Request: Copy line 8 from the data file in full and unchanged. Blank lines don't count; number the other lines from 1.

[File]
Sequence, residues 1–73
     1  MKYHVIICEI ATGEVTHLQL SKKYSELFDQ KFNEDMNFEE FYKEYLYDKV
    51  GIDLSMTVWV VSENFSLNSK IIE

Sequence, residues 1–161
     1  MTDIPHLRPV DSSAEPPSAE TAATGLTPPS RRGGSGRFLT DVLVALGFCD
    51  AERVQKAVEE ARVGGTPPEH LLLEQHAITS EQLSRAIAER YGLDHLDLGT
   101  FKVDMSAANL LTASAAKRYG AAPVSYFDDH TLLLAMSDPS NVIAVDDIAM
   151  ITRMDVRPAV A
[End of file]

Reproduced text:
   151  ITRMDVRPAV A